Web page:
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Kathryn Wells, MD, FAAP Medical Director, Denver Family Crisis Center Child Abuse Pediatrician, Denver Health & Children’s Hospital Colorado Assistant Professor of Pediatrics, University of Colorado (720) 944-3747 Kathryn.wells@dhha.org. Substance Abuse and the Perinatal Period.

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Substance Abuse and the Perinatal Period


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    1. Kathryn Wells, MD, FAAP Medical Director, Denver Family Crisis Center Child Abuse Pediatrician, Denver Health & Children’s Hospital Colorado Assistant Professor of Pediatrics, University of Colorado (720) 944-3747 Kathryn.wells@dhha.org Substance Abuse and the Perinatal Period Colorado Perinatal Care Council August 3, 2012 Sharon Langendoerfer, MD, FAAP Associate Director of Newborn Services, Denver Health Associate Professor of Pediatrics, University of Colorado School of Medicine (303) 602-9270 Sharon.Langendoerfer@dhha.org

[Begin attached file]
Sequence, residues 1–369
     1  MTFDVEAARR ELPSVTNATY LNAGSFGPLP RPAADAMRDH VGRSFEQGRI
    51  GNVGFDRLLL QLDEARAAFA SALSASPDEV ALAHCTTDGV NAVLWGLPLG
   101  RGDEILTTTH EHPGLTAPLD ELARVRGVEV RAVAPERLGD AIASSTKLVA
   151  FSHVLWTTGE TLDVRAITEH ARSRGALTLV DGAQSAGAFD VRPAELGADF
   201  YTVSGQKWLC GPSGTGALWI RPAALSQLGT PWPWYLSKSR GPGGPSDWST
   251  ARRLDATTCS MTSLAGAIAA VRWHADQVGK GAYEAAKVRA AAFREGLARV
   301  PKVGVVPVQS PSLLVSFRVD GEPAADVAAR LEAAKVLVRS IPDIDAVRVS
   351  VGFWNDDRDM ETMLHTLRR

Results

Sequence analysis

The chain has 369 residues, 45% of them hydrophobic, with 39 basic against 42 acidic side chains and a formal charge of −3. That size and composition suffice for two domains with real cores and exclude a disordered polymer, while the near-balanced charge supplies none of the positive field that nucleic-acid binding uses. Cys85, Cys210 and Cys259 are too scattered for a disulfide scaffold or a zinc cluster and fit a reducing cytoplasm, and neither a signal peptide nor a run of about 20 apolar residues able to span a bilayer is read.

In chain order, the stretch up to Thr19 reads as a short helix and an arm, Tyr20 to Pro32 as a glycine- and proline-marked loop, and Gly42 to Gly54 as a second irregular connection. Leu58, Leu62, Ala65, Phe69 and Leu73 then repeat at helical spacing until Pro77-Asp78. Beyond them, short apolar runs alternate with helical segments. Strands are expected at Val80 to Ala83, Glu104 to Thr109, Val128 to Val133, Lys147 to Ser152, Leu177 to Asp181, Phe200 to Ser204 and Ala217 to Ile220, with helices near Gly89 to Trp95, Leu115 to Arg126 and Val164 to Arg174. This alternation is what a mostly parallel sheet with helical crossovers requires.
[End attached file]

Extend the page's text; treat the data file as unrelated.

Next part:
2. Objectives • Discuss the relationship between substance abuse and child welfare • List the harmful effects of drugs of abuse on the fetus • Describe five points of intervention for the issue of perinatal substance abuse

    3. Children in Substance-Abusing Homes 8.3 million (12%of U.S. children) live with at least one parent who is alcoholic or in need of substance abuse treatment [National Survey on Drug Use and Health Report, April 16, 2009 – combined data from 2002-2007]

    4. Have poorer developmental outcomes (physical, intellectual, social and emotional) than other children Are at (a three- to eight-fold) increased risk of substance abuse themselves Children of Parents with Substance Abuse Problems

    5. Substance Abuse Affects Parenting • Impaired judgment and priorities • Inability to provide the consistent care, supervision and guidance children need • Substance abuse is a critical factor in child welfare [Blending Perspectives and Building Common Ground, A Report to Congress on Substance Abuse and Child Protection, April 1999]